33. Judaism/Kabbalah – To Receive and Reveal – Throat Chakra – Belief
The throat chakra is directly connected to Judaism as a voice spoke to Abraham asking him to renounce all other deities and believe in one true God, also known as monotheism. Through the children of Abraham, these stories were passed on in the oral traditions that formed Judaism, Christianity and Islam. The Jewish people are seen as direct descendants of Isaac, the son of Abraham and Sarah. A voice spoke to Moses asking him to lead the Hebrews out of Egypt into the Promised Land. This voice gave Moses the Ten Commandments and instructed him to build the Ark of the Covenant and a Menorah, as the Tree of Life.
Between 586BCE – 130ACE these oral stories were written onto paper. The first five books are known as the Torah, Genesis is the first book. Throughout Genesis, it is the voice that created heaven and earth, and the breath that gave life. The voice also cast Adam and Eve out of the Garden of Eden. This voice was known as El, YHWH, Adonai, Elijah, Elohim etc. Judaism formed the roots of monotheism, belief in one God, from which Christianity and Islam grew. Judaism’s roots are also based in the ancient mystical traditions of the Kabbalah, known as the Tree of Life. Studying the Kabbalah is a process of receiving and revealing wisdom from and for the self and soul to join as a spiritual one. The roots of this story were forced underground. The throat chakra reminds us to consciously heal the stories we received from our ancestors so we can reveal them to help future generations.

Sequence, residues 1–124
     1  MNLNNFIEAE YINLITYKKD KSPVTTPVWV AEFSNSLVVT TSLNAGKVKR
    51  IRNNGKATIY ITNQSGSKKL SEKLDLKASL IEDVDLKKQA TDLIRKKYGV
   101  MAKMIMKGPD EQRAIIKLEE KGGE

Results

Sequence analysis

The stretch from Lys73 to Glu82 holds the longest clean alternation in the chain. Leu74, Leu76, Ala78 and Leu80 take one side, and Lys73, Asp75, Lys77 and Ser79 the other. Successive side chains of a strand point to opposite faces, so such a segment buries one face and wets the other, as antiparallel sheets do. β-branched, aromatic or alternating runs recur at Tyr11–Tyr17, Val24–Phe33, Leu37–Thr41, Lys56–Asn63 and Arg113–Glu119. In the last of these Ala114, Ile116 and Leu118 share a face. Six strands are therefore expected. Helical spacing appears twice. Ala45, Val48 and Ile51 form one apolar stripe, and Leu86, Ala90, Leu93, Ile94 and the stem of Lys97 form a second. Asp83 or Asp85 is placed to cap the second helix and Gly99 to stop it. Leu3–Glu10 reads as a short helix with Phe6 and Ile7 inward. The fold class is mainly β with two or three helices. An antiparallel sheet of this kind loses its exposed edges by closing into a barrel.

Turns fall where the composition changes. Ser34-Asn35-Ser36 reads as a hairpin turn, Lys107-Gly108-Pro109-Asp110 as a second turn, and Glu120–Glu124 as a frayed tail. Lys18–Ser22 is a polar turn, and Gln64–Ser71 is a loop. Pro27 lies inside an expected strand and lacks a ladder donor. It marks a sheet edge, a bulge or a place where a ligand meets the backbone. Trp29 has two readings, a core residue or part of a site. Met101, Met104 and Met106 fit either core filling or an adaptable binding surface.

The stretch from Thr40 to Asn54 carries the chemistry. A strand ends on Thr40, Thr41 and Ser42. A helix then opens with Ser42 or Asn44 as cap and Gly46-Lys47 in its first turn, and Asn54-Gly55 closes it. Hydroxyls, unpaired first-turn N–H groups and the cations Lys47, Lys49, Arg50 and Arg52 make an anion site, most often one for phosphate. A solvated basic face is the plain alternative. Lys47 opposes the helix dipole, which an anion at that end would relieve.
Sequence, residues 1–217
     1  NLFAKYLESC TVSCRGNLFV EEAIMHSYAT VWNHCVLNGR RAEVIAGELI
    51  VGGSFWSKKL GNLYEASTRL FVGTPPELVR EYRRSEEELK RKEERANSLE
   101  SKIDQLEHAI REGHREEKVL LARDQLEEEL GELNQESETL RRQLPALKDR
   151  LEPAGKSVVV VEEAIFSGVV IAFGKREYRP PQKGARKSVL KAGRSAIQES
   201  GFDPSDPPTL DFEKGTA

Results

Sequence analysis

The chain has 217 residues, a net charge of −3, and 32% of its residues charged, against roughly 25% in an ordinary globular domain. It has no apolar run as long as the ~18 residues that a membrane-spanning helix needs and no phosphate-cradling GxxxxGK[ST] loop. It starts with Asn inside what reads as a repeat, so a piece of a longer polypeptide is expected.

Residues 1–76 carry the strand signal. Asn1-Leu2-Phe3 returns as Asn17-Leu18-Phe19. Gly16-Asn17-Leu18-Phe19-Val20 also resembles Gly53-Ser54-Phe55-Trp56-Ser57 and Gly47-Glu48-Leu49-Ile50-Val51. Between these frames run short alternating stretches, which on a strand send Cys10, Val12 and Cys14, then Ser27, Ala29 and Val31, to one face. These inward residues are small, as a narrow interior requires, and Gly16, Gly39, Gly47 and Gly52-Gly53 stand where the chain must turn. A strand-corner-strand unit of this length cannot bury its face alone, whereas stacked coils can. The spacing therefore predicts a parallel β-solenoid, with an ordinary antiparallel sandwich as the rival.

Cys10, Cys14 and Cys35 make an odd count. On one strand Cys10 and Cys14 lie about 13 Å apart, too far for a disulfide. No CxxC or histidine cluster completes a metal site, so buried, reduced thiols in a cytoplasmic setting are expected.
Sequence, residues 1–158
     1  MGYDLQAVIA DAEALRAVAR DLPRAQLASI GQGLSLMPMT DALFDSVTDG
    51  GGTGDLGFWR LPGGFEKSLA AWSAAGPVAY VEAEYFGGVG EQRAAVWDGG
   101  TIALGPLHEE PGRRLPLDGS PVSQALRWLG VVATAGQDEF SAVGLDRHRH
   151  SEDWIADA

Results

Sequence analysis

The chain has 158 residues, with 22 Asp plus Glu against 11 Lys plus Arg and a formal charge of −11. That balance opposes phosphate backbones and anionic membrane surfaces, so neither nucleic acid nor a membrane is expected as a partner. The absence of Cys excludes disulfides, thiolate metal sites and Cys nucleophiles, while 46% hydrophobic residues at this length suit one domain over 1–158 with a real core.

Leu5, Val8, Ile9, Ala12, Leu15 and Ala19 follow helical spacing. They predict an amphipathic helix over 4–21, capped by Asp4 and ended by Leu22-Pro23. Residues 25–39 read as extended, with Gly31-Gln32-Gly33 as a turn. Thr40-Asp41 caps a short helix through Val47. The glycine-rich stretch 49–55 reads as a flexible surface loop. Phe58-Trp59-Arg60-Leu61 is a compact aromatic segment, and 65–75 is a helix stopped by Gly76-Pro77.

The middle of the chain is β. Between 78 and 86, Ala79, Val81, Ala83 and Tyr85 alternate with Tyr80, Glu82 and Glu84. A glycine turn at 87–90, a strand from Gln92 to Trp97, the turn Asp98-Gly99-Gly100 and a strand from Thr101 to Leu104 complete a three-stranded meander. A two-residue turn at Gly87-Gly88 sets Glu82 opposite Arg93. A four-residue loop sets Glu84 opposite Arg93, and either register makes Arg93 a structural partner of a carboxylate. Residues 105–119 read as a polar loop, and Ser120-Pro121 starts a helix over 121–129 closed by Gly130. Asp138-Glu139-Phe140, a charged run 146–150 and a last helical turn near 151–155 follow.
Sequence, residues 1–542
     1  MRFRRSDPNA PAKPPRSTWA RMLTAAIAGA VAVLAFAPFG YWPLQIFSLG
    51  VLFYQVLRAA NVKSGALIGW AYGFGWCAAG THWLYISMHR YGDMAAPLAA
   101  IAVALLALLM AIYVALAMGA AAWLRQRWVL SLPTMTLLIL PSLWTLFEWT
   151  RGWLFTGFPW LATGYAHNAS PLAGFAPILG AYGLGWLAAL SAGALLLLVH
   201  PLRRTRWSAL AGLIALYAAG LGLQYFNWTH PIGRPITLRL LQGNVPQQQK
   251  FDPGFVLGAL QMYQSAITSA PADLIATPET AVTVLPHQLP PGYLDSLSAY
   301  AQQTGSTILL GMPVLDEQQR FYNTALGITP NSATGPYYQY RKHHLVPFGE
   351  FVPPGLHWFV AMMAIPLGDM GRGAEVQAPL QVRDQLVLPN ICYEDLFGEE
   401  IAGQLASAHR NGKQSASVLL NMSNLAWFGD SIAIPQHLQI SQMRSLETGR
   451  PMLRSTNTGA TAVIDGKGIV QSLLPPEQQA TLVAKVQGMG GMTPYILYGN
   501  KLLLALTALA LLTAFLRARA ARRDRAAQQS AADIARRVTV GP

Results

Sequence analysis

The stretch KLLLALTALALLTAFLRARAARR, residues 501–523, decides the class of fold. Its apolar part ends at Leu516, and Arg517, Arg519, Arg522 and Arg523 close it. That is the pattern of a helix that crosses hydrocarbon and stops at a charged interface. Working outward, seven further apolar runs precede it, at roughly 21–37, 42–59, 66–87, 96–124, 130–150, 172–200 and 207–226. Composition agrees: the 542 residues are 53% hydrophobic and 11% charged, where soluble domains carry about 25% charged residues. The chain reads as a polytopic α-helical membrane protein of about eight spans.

Message: It is time to tell your story and speak your truth. Whatever has been preventing you from sharing the wisdom you hold is now releasing. Remember the person within you that desires to be heard. Speak up and make your dreams known. Your opinion matters; share it.
“Then the LORD God formed a man from the dust of the ground and breathed into his nostrils the breath of life, and the man became a living being.” – Genesis 2:7
The Star of David begins with the legend that this star was on King David’s shield. The top triangle strives upward, toward the sky, while the lower triangle strives downward, toward earth. A ring of menorahs, seven branched oil lamps symbolic of the Tree of Life, surrounds the Star of David. The setting is at night in honor of the Jewish calendar, which is lunar. The crescent moon signals the beginning of a new month and a Jewish day begins at Sunset.